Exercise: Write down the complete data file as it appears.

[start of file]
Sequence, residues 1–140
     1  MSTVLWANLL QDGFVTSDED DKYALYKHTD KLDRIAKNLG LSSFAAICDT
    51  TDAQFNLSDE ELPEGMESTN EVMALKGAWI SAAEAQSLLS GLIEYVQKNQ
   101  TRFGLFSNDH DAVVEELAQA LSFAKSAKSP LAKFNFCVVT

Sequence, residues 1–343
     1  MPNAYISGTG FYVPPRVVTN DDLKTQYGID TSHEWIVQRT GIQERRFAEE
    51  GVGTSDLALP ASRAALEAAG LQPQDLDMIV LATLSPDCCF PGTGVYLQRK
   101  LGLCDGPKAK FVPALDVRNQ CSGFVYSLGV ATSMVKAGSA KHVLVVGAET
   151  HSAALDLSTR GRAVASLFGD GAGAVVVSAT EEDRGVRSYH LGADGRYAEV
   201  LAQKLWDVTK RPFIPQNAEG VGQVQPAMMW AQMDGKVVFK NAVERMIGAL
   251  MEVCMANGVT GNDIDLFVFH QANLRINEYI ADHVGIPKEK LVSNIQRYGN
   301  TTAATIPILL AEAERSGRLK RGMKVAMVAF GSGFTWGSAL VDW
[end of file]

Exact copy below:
Sequence, residues 1–140
     1  MSTVLWANLL QDGFVTSDED DKYALYKHTD KLDRIAKNLG LSSFAAICDT
    51  TDAQFNLSDE ELPEGMESTN EVMALKGAWI SAAEAQSLLS GLIEYVQKNQ
   101  TRFGLFSNDH DAVVEELAQA LSFAKSAKSP LAKFNFCVVT

Sequence, residues 1–343
     1  MPNAYISGTG FYVPPRVVTN DDLKTQYGID TSHEWIVQRT GIQERRFAEE
    51  GVGTSDLALP ASRAALEAAG LQPQDLDMIV LATLSPDCCF PGTGVYLQRK
   101  LGLCDGPKAK FVPALDVRNQ CSGFVYSLGV ATSMVKAGSA KHVLVVGAET
   151  HSAALDLSTR GRAVASLFGD GAGAVVVSAT EEDRGVRSYH LGADGRYAEV
   201  LAQKLWDVTK RPFIPQNAEG VGQVQPAMMW AQMDGKVVFK NAVERMIGAL
   251  MEVCMANGVT GNDIDLFVFH QANLRINEYI ADHVGIPKEK LVSNIQRYGN
   301  TTAATIPILL AEAERSGRLK RGMKVAMVAF GSGFTWGSAL VDW